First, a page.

How (Lack Of) Transparency May Effect Peoples’ Depiction Of You

Posted by Michael Hurczyn on February 26, 2015

In Inbound Sales, Inbound Marketing

I am a huge Formula 1 fan.  F1 is the pinnacle of motorsport.  The most advanced cars, the biggest budgets, the fastest drivers are all part of the allure.  The one thing F1 lacks, especially with the way the US covers the sport, is seeing the true personalities of the drivers.  Sure, you see some candid moments from time to time, but mostly it’s a grand show.  Driver interviews are usually conducted with the team’s PR person standing over the driver’s shoulder.  For the most part, drivers are very politically correct about their feelings regarding on-track altercations such as collisions or crashes, disagreements with team decisions, etc… 

how to make our business transparent online
Direct links to the Documentary - Part 1 and Part 2

I recently came across a video that transformed my impression of a driver: Fernando Alonso Documentary, Last Race with Ferrari.  Fernando Alonso is a two-time World Champion.  He is regarded as the best driver in Formula 1, but I always saw him as arrogant and I didn’t care for his personality in interviews.  Commentators would also point out these traits so, for me, it was hard to view him as anything else.  But this documentary was personal and offered transparency.  Due to broadcasting rights, there was no on-track footage.  It was purely Fernando and what he does off the track during preparation of a race weekend.  The camera followed him into his hotel room, into the car on the way to and from the track, in his personal dressing room, eating meals with his friends, everywhere.  It was everything a TV broadcast would never show, but it was more fascinating.  By the end, Fernando became my favorite driver because I felt like I knew him as a person, not as the facade I had watched on TV over the years. We had things in common, and that was attractive to me.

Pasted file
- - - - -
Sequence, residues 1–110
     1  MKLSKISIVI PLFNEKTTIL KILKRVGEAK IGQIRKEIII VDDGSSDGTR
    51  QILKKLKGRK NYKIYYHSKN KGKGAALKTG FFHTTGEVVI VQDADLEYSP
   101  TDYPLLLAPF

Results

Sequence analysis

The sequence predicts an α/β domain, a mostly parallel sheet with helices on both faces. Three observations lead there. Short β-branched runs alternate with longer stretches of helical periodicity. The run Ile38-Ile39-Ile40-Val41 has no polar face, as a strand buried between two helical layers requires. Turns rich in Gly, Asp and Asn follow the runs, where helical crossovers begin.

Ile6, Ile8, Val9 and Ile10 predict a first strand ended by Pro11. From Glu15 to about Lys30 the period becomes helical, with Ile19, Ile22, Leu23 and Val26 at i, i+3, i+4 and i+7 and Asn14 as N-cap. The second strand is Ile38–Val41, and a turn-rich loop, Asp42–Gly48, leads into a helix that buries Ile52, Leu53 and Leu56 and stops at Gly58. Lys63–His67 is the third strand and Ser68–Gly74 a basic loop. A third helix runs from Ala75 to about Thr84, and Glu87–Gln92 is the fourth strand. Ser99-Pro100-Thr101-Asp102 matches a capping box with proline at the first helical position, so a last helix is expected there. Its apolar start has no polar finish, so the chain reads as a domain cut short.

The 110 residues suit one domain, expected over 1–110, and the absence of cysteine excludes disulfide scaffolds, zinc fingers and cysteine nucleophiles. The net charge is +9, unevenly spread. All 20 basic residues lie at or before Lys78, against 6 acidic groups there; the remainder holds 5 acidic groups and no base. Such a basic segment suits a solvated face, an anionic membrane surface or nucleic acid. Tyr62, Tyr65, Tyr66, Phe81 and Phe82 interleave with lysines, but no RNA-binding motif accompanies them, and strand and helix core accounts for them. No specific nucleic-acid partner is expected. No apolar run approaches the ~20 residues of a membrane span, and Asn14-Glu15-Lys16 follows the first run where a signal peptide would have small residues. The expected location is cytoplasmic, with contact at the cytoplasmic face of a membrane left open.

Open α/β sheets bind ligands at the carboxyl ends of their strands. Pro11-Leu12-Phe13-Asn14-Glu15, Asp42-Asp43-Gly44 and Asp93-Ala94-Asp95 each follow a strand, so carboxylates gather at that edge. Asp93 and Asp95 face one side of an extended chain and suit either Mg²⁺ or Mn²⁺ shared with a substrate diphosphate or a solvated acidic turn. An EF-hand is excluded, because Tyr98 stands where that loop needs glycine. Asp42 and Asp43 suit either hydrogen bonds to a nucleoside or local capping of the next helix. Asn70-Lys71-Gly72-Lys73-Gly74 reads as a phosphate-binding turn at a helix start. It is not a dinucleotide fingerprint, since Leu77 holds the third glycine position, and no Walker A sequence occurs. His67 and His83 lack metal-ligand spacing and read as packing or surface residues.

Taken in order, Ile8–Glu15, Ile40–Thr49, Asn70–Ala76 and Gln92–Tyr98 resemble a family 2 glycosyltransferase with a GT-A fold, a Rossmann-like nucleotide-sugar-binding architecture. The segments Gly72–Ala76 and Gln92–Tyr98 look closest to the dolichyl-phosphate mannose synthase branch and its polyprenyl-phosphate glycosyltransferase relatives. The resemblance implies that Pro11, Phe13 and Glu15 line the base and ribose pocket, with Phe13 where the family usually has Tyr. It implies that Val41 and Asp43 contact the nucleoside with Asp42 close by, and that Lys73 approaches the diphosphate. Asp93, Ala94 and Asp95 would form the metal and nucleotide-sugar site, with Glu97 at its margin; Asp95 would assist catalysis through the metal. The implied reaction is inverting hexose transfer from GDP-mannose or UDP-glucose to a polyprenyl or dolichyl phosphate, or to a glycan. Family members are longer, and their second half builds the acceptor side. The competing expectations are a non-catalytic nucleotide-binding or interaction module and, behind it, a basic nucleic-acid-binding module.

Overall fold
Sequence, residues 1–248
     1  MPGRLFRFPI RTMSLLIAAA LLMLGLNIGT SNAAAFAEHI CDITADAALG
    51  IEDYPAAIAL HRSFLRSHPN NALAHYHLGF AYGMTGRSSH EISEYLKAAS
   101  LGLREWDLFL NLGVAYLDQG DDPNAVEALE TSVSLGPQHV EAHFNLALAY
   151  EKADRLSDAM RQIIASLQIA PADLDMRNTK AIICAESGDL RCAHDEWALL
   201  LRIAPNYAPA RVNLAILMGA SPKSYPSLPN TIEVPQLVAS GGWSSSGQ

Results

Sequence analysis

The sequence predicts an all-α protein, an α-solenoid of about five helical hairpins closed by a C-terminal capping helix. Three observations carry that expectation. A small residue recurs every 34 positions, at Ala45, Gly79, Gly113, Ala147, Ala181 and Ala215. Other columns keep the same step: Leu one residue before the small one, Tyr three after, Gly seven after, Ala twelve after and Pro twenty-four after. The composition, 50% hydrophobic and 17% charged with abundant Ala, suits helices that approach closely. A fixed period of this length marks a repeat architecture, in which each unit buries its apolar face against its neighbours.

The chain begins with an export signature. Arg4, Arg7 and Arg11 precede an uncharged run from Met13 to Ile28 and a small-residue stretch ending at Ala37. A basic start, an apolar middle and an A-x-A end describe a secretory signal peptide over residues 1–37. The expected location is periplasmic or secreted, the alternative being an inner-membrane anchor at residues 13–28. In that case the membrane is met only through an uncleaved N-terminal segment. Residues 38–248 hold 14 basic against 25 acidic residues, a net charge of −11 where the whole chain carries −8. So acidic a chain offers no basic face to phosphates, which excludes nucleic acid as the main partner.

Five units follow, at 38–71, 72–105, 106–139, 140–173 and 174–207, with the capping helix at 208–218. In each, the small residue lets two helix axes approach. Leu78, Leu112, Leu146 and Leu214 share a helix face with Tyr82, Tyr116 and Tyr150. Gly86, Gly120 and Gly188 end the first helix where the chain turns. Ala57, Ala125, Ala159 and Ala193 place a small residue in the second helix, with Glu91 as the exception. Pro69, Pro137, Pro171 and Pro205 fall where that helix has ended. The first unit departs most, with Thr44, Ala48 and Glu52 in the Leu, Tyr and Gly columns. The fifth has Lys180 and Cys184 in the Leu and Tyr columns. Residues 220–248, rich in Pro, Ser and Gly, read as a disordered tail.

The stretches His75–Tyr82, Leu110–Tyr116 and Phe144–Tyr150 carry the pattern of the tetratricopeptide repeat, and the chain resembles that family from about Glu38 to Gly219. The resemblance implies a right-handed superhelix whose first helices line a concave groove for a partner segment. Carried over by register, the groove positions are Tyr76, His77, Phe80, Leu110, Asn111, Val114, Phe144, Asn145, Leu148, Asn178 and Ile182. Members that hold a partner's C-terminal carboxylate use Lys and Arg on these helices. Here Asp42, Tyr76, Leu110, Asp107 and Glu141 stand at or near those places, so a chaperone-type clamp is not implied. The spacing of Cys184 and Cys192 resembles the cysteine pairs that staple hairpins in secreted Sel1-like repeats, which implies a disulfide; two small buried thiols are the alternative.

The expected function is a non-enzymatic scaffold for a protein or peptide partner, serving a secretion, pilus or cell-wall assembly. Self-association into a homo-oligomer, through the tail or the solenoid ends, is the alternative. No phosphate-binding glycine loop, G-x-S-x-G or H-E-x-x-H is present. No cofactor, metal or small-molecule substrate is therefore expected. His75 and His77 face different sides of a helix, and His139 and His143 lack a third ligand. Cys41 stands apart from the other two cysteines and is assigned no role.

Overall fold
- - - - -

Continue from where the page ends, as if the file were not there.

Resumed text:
Formula 1 is all about money.  Most team’s yearly budget is $50 million plus, and Ferrari’s is estimated at over $250 million.  This means sponsorship is a huge part of the sport.  Sure, people have some allegiance to sponsor brands, but I don’t think a brand can ever attract someone like a person can.  Teams, businesses, and individuals spend loads of money, time, and effort to create a public image of themselves.   A colleague of mine is famous for saying, “What makes you think anyone cares what you think?”  A single 70-minute video of being real negated the millions of dollars spent on what some people thought I cared about regarding Fernando Alonso.  Why not just be real all the time?

Businesses fall into this trap all too often.  In my experience, it usually plays out in one of two ways:  A business lacks the online presence to give the larger audience a chance to get to know them, or they try so hard to be something they are not and have trouble closing leads once they eventually get found.  Both scenarios cause a misalignment between perception and reality and are a serious problem for a business, but both scenarios can be fixed.  If you think you have this issue or don’t know how to tell if you have this issue, let’s schedule 15 minutes to chat.  

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